Now EGR valves on the other hand...... I can still powder coat them in my sleep. Same with antenna masts and trim caps.
- Steve W.
Reply to
Steve W.
Nope. It turns into carbon. Thin and hard.
Reply to
Steve W.
I guess the real question, not seeing it, is does this coating look just like the coating on "pre-seasoned" cast iron pans in the camping or cookware aisle?
It's probably just standard "seasoning" as people are saying. Oil burned into the nooks and crannies of the cast iron. It requires maintenance, and never wash it with soap or anything thats seen soap.
I use a lot of cast iron in my cooking. I have 2 cast iron pans and a double sided skillet. As well as a nice Enamel coated dutch oven.
Reply to
marc.britten
I e-mailed the manufacturer to ask. Apparently it's just "natural cooking oil baked in a hot oven to season it".
Remarkable. I'm amazed that it doesn't feel greasy.
Best wishes,
Chris
Reply to
Christopher Tidy
As the vegetable oil begins to oxidize, it first gets thick, then very sticky, and finally it oxidizes completely and takes on a property something like baked linseed oil. In fact, it's probably about the same thing. It feels completely dry.
Some iron cookware used to be sold black, pre-cured. I have some French steel sauté pans that came that way, which we bought 30 years ago, and one heavy cast iron Dutch oven, bought 40 years ago, that were sold in that condition.
I also have a large cast iron skillet, close to 40 years old, that was so encrusted that I sanded it all down to metal with an angle-head sander (not as easy to do as you'd think). Within two months of regular re-curings, it was black again.
-- Ed Huntress
Reply to
Ed Huntress
While my wife was on a business trip overseas (time to play ;-) ) I took a scrap cylinder of Stainless I had and dipped it into 30 wt motor oil, put it into a try (shop tray) and put it into our Propane gas stove. Selected CLEAN oven mode and went about cleaning.
The smell was just a little worse than normal - as the splattered grease was smoking also.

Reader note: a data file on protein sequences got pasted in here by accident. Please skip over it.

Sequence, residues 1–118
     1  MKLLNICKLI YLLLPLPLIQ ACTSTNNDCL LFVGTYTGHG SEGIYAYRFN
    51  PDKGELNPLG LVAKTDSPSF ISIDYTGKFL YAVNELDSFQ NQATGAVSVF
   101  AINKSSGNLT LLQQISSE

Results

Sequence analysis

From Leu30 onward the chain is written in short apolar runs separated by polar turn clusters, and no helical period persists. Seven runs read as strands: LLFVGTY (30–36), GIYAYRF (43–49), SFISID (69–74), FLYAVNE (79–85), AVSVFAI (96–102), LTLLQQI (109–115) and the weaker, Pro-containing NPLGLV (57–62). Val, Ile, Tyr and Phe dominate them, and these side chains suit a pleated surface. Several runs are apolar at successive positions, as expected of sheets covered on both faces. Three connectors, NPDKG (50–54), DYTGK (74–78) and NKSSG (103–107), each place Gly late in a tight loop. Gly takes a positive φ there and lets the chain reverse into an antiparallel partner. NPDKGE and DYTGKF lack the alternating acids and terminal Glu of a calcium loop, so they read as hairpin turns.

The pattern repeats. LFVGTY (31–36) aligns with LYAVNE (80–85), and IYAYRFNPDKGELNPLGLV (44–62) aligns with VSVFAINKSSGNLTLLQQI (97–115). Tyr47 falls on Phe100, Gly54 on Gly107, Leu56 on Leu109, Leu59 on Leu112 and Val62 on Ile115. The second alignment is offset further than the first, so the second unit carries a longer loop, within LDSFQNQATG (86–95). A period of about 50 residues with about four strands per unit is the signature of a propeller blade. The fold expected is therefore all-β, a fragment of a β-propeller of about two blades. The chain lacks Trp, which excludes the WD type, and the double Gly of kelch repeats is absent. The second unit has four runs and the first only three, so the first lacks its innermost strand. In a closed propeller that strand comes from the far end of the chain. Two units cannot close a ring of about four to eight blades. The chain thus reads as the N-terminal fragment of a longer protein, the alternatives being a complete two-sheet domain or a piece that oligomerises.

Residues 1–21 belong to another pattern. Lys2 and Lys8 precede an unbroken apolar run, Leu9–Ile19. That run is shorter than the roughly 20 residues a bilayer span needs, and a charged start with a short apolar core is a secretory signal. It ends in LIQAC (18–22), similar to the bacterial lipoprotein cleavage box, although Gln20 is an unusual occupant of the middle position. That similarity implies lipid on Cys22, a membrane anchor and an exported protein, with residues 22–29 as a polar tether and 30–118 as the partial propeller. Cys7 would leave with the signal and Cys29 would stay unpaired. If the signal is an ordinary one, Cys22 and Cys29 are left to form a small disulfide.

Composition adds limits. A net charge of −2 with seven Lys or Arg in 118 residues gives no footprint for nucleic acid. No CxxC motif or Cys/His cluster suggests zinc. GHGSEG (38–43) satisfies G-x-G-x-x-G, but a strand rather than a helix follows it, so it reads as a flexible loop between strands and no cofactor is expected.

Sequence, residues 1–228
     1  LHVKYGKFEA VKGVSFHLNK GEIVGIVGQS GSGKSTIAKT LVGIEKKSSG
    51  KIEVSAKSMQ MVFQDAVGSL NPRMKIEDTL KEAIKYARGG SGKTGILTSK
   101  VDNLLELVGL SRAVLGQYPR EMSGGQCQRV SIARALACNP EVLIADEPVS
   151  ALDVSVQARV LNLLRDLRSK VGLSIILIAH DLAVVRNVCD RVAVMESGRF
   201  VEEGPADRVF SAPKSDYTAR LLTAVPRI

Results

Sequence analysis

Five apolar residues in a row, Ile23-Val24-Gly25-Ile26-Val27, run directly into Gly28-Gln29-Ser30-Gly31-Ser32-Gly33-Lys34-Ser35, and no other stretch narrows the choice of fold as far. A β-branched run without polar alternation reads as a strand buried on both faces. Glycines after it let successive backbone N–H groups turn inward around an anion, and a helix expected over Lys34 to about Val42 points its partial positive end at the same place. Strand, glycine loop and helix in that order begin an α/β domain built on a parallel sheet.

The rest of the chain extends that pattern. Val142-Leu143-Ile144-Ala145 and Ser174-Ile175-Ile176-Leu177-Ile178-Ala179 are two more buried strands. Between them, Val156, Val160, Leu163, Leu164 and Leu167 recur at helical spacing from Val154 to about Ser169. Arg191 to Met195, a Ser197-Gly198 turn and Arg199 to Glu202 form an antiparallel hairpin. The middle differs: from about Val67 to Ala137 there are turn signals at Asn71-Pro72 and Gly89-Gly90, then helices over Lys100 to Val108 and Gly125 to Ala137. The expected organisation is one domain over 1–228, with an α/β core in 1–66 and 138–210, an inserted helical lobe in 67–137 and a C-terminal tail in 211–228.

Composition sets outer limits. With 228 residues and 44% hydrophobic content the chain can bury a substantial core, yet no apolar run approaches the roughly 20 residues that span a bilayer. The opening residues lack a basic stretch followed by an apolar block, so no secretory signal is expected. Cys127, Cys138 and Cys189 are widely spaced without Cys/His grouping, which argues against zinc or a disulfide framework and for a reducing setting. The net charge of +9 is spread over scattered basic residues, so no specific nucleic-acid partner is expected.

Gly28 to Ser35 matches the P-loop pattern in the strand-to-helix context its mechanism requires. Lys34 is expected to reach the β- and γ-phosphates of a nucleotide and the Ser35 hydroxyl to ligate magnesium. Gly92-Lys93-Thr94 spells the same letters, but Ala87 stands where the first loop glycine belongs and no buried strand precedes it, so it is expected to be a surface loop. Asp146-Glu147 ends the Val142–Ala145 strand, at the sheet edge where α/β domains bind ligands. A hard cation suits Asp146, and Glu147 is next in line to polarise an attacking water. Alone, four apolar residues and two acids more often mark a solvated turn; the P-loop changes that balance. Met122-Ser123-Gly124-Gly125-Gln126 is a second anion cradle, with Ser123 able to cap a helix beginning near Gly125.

The color was liquor brown and nice looking. It was within the surface as a thumbnail could not detect the edge. I sponged out the oven and cleaned up my tracks - back to the shop - experiment done.
Think small heat treating oven - get red hot and slowly cool. Martin Martin H. Eastburn @ home at Lions' Lair with our computer lionslair at consolidated dot net TSRA, Endowed; NRA LOH & Patron Member, Golden Eagle, Patriot's Medal. NRA Second Amendment Task Force Charter Founder IHMSA and NRA Metallic Silhouette maker & member.
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Ed Huntress wrote:
Reply to
Martin H. Eastburn
Motor oil probably had almost no effect here - first off, it does not behave the same way as vegetable oil, and second you get a nice range of colors on stainless simply with heat and oxidation - just hit a shiny scrap with a torch to see the available range of colors.
Too hot. Well past that nice brown. More of an ugly gray. Stainless colors at different temperatures than steel, for which the oxidation color ranges are fairly well known due to blacksmiths using them as a tempering thermometer.
A typical home oven on clean gets to somewhere in the 700F range, as I recall.
Reply to
Ecnerwal